April 12, 2012

CNN Bars Contributors Who Are Paid By Politicians, But Fine With Ones Paid By Corporations

CNN Bars Contributors Who Are Paid By Politicians, But Fine With Ones Paid By CorporationsYesterday, SKDKnickerbocker’s Hilary Rosen set off a media frenzy by saying that Mitt Romney’s wife Ann Romney has never “worked a day in her life.” This set off calls for Rosen to apologize to Ann Romney, who chooses to be a stay at home mother.

News reports and some critics of Rosen described her as an advisor to President Obama or the Democratic National Committee. The Washington Post’s Greg Sargent asked CNN, which employs Rosen as a contributor, about this charge. The network told him that it does not hire contributors who are paid advisors to political parties or campaigns:

Hilary Rosen, like all CNN contributors, is not a paid advisor to any political party or presidential campaign.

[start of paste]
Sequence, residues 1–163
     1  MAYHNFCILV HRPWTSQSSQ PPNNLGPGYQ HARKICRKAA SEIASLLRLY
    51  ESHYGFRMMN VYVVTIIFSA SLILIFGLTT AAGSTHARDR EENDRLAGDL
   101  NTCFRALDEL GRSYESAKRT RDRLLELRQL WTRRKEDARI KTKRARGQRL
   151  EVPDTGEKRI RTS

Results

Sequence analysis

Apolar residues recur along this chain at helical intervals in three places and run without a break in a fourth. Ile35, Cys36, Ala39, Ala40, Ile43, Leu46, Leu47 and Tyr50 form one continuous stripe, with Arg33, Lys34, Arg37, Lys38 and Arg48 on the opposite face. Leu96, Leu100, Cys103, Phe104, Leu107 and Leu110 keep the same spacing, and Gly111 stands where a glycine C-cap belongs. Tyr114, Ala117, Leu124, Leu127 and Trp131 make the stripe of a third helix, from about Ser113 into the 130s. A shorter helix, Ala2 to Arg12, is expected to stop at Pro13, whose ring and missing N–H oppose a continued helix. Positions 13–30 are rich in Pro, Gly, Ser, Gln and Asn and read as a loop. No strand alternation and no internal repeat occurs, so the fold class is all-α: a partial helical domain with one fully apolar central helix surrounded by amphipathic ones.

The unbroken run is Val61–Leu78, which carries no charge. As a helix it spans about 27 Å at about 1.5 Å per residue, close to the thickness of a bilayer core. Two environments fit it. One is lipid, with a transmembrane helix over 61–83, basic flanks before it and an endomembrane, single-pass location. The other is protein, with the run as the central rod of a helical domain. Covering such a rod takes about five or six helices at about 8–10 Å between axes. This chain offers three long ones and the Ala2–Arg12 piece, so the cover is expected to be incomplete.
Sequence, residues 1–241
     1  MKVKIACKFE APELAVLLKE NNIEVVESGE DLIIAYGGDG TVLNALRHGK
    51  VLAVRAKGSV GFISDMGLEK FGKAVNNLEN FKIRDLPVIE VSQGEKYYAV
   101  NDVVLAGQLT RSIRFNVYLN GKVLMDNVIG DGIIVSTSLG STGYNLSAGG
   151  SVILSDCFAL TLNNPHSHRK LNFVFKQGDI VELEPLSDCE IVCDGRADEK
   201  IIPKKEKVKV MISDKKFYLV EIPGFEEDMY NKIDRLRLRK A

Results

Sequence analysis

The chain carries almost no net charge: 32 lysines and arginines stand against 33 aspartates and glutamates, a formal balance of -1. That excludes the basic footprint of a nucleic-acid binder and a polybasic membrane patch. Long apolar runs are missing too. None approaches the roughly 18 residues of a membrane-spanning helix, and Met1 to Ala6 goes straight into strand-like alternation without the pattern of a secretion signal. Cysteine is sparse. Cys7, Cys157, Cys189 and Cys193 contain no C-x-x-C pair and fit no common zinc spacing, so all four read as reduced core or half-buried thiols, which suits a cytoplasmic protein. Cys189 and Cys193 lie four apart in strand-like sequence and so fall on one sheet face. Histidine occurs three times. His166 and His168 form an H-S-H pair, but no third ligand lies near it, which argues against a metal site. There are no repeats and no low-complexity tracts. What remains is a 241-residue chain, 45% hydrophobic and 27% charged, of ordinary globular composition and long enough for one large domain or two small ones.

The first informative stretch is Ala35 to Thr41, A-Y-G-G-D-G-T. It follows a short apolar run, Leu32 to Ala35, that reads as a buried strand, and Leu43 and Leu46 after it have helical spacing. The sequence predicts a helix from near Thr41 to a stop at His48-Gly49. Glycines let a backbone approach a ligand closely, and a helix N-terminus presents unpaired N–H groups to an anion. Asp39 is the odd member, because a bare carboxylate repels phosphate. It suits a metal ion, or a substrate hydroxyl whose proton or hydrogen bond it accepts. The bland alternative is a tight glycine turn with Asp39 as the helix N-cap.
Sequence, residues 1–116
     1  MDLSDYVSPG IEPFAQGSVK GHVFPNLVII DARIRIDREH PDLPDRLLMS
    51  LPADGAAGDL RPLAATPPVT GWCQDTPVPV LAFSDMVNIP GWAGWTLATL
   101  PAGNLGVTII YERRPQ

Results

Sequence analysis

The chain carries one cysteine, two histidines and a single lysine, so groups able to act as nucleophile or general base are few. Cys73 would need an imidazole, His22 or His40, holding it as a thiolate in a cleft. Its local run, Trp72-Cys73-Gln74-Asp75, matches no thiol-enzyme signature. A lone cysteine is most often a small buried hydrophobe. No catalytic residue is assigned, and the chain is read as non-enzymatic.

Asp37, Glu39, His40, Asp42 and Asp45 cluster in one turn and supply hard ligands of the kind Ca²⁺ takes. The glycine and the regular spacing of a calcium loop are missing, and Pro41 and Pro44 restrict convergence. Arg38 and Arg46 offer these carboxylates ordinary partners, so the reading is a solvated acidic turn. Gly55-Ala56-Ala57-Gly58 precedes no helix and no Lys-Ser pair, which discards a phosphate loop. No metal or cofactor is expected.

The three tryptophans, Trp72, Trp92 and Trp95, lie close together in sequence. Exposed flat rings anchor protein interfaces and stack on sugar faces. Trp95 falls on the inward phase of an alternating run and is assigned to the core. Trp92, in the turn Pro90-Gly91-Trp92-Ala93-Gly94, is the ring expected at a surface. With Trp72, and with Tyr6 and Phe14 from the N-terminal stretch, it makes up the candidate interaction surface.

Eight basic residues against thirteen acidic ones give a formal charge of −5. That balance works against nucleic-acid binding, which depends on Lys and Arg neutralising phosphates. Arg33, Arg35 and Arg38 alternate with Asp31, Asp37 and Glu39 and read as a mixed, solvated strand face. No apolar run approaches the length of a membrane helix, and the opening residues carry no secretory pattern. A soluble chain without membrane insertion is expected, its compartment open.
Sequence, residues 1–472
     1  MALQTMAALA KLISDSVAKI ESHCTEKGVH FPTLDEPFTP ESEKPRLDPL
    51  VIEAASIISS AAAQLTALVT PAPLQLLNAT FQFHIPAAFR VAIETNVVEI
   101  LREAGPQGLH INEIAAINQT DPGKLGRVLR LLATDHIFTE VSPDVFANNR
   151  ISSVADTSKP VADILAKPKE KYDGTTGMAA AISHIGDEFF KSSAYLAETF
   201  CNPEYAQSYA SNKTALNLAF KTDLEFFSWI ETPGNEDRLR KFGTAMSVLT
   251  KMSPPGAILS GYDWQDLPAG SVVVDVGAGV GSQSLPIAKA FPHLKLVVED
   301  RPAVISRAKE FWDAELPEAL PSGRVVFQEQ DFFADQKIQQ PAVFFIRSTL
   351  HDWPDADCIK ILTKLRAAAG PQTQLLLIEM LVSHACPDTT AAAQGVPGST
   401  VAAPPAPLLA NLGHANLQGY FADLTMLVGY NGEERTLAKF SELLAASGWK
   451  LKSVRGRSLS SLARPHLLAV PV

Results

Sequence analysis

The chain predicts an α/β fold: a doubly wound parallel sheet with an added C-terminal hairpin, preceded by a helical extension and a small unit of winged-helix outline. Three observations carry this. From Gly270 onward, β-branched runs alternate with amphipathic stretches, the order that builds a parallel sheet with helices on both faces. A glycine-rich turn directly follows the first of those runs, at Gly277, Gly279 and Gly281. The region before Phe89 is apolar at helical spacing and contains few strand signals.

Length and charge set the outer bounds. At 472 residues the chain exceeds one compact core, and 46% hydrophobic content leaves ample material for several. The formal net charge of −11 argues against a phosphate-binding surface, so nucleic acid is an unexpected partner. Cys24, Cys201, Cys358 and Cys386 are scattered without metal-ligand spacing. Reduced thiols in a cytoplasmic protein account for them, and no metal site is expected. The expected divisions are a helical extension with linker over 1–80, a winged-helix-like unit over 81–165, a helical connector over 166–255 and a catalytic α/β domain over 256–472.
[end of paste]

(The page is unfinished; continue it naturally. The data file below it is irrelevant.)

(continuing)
By barring paid political advisers from taking on contributor positions, CNN is establishing an ethical line. Interestingly, CNN does allow Paul Begala to be a contributor, who works for Priorities Action USA, a pro-Obama Super PAC. It also allows Alex Castellanos, who advises various political candidates through GOP Super PACs and other organizations, to be one. Castellanos at least appears to outright violate CNN’s policy because the National Republican Campaign Committee paid his firm National Media Research Planning & Placement least $376k this cycle.

But it’s curious that CNN takes offense only at contributors who are paid by politicians but not by powerful corporations that lobby actively on public policy issues. Rosen, for example, worked for BP during its devastating oil spill in the Gulf Coast, helping the powerful corporation manage its public relations. She presumably has many more clients (which are confidential) at SKDKnickerbocker who are also private firms. It’s remarkable that CNN does not require Rosen or other contributors who work for corporations to disclose such ties, which would allow CNN watchers to evaluate whether commentator opinions are colored by their interest in pleasing clients.